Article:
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Baroness O'Cathain: I should like clarification. We are talking about a licence being revoked and saying that the costs will be passed on to the person who gets the new licence. Who bears the cost of that? Is it the customers? If it is in a particular geographical area, does it mean that, in the interests of the environment,

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the customers in that region are going to have to pay for the Government's policy on the environment in the country as a whole?

Lord Whitty: This part of the Bill deals with a situation in which the Environment Agency is revoking a licence and granting it to another person. The clause deals with the compensation arrangements. I suppose that eventually the customer would pay for those compensation arrangements, but we would have a more efficient system of delivering water. The judgment has to be made on what is the more efficient way of delivering that water.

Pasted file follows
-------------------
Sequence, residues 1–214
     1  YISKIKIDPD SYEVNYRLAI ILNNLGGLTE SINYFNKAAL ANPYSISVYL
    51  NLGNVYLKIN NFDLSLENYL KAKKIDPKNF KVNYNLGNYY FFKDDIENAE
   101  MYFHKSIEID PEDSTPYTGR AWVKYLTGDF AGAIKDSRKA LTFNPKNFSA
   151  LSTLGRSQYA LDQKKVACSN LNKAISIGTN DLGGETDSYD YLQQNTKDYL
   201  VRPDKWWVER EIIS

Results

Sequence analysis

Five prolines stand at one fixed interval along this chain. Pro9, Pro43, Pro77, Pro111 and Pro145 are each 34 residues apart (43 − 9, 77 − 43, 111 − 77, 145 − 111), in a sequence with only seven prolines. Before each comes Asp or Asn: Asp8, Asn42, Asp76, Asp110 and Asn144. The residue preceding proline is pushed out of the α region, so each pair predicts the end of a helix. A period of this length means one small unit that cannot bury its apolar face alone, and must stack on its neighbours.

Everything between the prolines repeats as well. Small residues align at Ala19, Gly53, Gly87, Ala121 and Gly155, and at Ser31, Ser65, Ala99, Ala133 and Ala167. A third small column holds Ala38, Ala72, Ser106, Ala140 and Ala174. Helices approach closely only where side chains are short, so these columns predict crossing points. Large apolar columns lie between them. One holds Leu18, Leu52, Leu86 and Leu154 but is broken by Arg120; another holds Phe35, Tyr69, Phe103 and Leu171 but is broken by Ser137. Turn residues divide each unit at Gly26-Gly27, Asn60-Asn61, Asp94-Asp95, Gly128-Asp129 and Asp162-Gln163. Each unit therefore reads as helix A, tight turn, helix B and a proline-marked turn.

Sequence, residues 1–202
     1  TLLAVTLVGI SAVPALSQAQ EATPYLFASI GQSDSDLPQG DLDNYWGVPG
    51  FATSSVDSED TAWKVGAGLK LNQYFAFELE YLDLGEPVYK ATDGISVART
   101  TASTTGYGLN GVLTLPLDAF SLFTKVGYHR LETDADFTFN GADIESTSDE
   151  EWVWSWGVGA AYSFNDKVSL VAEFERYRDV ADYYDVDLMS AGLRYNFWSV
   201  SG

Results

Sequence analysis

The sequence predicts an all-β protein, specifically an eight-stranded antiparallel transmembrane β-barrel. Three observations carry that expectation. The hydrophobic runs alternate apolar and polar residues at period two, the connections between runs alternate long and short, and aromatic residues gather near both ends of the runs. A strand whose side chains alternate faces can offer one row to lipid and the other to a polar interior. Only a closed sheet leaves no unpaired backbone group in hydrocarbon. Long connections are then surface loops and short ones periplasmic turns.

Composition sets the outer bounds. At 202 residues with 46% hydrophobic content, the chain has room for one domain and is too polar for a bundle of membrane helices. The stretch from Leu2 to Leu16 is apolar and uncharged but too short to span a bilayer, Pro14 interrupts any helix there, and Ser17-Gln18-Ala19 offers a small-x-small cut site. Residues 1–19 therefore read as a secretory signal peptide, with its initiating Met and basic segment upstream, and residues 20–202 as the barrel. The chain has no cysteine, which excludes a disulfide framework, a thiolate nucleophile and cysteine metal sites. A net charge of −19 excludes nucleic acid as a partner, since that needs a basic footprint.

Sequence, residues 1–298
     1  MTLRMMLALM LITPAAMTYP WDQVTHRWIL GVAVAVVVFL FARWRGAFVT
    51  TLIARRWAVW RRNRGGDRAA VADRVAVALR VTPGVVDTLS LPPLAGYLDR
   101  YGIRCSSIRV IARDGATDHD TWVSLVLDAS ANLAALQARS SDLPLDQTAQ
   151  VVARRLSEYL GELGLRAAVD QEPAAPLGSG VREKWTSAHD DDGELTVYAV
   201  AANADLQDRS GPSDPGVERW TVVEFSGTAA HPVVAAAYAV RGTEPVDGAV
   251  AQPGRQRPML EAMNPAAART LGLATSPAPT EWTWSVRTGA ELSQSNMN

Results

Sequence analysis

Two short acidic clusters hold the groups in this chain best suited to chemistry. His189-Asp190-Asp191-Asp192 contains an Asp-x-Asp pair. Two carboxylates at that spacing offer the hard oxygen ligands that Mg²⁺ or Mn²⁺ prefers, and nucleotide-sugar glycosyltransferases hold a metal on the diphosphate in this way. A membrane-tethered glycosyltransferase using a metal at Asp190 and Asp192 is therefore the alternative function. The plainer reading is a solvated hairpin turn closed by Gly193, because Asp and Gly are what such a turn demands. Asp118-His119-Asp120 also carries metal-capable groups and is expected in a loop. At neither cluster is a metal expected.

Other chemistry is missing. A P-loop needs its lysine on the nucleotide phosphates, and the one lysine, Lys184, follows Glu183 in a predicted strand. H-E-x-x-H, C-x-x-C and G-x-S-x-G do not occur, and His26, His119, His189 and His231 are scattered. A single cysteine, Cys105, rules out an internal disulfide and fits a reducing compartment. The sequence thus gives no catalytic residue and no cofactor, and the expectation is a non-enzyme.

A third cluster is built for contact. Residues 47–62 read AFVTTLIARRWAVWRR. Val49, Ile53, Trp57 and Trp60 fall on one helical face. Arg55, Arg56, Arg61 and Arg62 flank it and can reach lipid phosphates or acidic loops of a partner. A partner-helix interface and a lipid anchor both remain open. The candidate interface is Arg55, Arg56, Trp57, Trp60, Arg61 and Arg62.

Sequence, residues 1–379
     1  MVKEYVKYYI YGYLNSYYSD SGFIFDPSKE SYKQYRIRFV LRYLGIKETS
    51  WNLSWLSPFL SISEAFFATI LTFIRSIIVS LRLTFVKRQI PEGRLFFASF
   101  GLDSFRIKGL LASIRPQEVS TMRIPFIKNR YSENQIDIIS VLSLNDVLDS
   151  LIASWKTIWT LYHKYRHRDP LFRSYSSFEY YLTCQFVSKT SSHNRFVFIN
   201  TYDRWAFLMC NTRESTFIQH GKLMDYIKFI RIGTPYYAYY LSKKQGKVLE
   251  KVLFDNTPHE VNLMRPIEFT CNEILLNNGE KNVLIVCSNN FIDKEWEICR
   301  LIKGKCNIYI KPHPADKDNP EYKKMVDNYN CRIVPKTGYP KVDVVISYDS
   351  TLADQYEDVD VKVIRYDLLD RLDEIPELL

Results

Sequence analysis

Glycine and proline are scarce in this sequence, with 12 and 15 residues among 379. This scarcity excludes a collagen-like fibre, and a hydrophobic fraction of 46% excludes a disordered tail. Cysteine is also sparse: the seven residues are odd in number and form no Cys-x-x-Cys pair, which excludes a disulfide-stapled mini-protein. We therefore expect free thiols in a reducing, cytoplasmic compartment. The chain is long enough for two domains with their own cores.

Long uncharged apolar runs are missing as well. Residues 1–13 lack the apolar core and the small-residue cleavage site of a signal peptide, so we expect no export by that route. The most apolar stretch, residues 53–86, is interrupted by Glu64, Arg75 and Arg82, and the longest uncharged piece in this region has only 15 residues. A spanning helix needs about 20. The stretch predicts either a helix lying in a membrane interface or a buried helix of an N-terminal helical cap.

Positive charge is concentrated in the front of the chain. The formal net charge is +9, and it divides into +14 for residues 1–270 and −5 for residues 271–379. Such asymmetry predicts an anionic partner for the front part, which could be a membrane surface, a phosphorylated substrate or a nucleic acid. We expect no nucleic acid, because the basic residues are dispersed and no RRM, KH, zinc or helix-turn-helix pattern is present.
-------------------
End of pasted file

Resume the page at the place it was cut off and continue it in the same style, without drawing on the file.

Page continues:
The intention of the amendment is to give the original company, whose licence is to be revoked, not only compensation, but also the right to argue that they can match the efficiencies of water company B. There is obviously some justice in that, but the whole process, which the noble Lord, Lord Dixon-Smith, asked about, would involve the Environment Agency in extensive investigation and discussion—call it negotiation if you like—with both the original company and the alternative company before it made any decision on revocation. We expect the agency to explore all the options with the parties concerned before it moves into revocation mode, or into any statutory mode. It may be that voluntary arrangements could be made. The process would involve company A knowing what efficiencies were claimed by an alternative arrangement and being given the chance to match those efficiencies.